Beyond learning

Posted by Josh Haims, Amy A. TitusCarly Ackerman, and Emily Lappin on April 26, 2019.

How do you prepare for a future workplace where the boundaries between humans and machines are blurred? Where skill sets and job roles are fluid? Where learning isn’t the responsibility of a centralized function, but of the entire enterprise. And, where you will need to access, curate, and engage talent in more creative ways than ever before. The search for answers to difficult, yet essential, questions brought more than 90 learning and business executives together at the 8th annual Deloitte Chief Learning Officer Forum held at Deloitte University in March 2019.

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Who owns Future skill-building?

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Posted by Jeff Schwartz and David Mallon on March 04, 2019.

Companies need skilled workers to stay in business. Workers need skills to get a job and advance. It’s a two-way street. So who’s responsible for ensuring the workforce is developing the right skills and they are available at the right time? And what about the near-constant need to reskill and upskill as technology evolves? Do other institutions in society have a role and a responsibility, too—education? government? Asking and answering hard questions like these is part of the ongoing rise of the social enterprise and the growing power of individuals to influence organizational behavior.

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Creating value and meaning in the social enterprise


Posted by Michael Gretczko on February 12, 2019.

As organizations transition from business enterprise into social enterprises that meld business and social purposes, they have to leverage their human capital more effectively. Doing so is key to not only driving performance but also arriving at and navigating the crucial intersection where performance meets purpose. So what does it mean to make best use of people’s skills and abilities, especially when the future of work includes robots and people working side by side?

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Live long and prosper?

Sure, but first we need to reinvent 21st-century careers for century-long lives


Posted by Jeff Schwartz, David Mallon, on February 8, 2019.

Of all the trends and topics we talk with organizations about, there’s one that consistently causes an almost visceral response: careers. The way careers are changing, the evolving relationship between workers and employers, and what it even means to have a career today are causing people a lot of anxiety, both in the business context of managing a workforce and personally, as individuals managing their own work life. Is all the angst warranted? There’s no doubt careers have changed and will keep changing, and with change comes uneasiness. But there’s also great opportunity for reimagining and reinventing rewarding careers.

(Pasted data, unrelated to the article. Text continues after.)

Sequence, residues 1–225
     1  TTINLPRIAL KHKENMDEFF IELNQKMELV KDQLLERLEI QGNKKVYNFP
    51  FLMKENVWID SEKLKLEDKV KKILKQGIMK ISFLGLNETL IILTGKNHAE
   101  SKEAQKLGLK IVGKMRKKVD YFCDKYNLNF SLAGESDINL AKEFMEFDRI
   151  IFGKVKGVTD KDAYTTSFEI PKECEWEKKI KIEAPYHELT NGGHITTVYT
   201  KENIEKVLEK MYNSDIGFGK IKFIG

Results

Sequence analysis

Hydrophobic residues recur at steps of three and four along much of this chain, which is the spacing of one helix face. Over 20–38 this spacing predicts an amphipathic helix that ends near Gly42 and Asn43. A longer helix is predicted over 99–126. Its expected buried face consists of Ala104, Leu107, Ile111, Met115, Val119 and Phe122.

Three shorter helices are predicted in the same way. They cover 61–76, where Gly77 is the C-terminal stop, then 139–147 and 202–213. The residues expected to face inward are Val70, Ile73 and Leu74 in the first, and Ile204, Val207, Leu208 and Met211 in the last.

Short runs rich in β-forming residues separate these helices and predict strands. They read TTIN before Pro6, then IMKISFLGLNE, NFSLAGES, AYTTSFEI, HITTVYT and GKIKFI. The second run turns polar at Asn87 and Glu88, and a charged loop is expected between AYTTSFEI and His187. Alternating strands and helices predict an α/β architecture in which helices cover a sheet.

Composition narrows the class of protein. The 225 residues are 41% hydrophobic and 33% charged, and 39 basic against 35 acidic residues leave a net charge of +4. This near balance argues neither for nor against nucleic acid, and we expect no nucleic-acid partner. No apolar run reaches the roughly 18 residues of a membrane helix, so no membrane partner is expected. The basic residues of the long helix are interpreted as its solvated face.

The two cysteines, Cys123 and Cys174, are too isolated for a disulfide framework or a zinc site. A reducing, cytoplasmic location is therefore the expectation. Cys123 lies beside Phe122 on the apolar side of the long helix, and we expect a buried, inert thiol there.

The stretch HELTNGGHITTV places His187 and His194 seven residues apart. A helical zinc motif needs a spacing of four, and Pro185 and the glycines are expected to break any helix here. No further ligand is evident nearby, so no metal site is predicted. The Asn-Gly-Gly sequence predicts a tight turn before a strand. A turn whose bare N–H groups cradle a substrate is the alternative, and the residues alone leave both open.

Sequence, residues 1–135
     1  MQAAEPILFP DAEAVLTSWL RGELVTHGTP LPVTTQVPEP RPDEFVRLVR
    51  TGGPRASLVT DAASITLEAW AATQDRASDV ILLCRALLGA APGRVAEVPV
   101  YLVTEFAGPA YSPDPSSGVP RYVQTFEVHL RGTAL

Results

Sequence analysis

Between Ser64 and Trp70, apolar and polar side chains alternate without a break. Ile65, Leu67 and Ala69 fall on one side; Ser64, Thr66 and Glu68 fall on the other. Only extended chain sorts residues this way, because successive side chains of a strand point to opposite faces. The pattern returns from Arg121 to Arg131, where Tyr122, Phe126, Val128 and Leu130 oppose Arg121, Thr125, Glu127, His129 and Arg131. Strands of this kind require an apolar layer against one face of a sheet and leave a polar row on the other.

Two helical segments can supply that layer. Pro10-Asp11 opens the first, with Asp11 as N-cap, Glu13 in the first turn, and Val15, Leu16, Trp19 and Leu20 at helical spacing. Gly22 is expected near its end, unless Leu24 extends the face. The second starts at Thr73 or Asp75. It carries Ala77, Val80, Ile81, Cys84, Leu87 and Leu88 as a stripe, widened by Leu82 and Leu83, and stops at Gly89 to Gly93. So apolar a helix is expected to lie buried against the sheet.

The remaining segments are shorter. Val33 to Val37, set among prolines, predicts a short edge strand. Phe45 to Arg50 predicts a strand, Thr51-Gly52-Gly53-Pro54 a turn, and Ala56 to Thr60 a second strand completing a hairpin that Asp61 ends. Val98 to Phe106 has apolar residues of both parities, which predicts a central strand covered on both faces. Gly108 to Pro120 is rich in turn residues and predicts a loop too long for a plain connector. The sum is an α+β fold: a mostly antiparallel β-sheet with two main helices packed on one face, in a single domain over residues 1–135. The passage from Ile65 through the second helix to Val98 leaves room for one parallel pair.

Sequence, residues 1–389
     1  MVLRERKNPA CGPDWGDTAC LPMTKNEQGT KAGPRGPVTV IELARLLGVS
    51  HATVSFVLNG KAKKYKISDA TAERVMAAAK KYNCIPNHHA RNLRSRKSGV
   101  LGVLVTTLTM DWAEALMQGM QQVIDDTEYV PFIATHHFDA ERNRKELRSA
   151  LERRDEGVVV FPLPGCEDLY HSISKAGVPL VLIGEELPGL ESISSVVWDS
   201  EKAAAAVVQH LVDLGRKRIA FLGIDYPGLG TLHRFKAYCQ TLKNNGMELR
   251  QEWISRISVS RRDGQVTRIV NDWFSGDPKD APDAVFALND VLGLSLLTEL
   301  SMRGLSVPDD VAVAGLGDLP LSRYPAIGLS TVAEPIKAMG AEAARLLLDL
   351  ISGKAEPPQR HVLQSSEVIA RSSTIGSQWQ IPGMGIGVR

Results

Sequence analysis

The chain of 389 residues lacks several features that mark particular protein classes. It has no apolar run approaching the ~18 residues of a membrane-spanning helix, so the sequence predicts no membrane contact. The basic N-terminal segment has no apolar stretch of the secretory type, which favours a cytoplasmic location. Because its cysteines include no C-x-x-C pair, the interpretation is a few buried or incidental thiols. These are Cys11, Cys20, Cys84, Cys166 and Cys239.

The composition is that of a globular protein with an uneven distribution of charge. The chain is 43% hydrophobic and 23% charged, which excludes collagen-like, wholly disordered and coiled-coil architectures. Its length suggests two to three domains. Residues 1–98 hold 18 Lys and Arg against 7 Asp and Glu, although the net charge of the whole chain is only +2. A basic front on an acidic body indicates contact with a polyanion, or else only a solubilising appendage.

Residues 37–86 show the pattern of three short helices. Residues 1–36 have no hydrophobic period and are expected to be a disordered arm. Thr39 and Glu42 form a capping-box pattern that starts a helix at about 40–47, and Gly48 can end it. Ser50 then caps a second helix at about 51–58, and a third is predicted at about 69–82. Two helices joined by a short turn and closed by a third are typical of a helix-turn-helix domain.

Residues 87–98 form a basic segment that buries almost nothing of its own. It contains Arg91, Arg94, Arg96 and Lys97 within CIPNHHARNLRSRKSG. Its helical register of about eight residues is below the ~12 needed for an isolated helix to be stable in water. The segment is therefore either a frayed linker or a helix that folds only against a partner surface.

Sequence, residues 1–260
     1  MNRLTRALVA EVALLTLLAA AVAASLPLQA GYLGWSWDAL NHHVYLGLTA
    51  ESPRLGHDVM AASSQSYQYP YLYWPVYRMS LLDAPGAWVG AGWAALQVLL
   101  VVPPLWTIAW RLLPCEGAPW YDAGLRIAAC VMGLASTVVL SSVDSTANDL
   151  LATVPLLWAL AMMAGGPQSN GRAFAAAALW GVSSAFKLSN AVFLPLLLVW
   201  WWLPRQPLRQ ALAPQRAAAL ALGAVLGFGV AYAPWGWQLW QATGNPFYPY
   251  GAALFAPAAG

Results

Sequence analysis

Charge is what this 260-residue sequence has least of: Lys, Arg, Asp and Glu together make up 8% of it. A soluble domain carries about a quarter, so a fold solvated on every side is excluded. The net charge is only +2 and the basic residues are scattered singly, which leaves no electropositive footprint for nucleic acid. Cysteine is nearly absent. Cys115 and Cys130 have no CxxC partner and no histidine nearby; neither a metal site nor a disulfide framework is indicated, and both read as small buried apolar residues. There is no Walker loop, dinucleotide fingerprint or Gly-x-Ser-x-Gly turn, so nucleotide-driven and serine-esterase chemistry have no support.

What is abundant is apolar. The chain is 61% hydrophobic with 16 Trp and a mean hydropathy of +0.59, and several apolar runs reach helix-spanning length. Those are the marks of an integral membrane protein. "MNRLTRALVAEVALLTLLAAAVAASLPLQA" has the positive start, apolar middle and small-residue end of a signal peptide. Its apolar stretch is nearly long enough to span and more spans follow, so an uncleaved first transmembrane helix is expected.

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Deconstructing Employee Experience

Posted by Madhura Chakrabarti on June 25, 2018.

Business and HR leaders are acutely aware of the importance of employee experience and the influential effect it has on organizational performance and results. Eighty percent of the HR and business leaders who participated in the Deloitte 2017 Human Capital Trends survey said that employee experience was “important” or “very important” to them. The problem: Only about one in five respondents (22 percent) said their organization was “excellent” at establishing a differentiated employee experience.1

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Learning undone: Enabling the “career constellation”

Posted by Terry Patterson, Ina Gantcheva, and Erin Clark on May 23, 2018.

Our paradigm of what a career looks like is rapidly evolving in this, the “age of accelerations”1 The learning organization has an opportunity to take the lead in enabling organizations to evolve in kind. Learning—both as a functional department and as an embedded element of organizational culture—should configure to enable the challenging, meaningful growth experiences and career mobility people seek while also building, sustaining and evolving the capabilities needed to deliver for the business.

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Creating the exponential professional

This post is the third in a three-part series on the exponential professional, focused on how professionals, organizations, and regulatory bodies can bridge the gap between the professional of today and the exponential professional of tomorrow.

Posted by Darryl Wagner, and Caroline Bennet on April 10, 2018.

John, a property insurance underwriter, reviews satellite images and property data identified as a potential significant risk by cognitive technologies. Jane, an actuary employed by an insurance company, reviews a financial report produced by a bot and ponders how the company should respond to the increased claim costs highlighted in the report. John and Jane are exponential professionals who are employed in a future workplace transformed by rapidly developing technology. Such professionals rely heavily on deliverables produced by cognitive technology, and augment that technology with their uniquely human skill sets.

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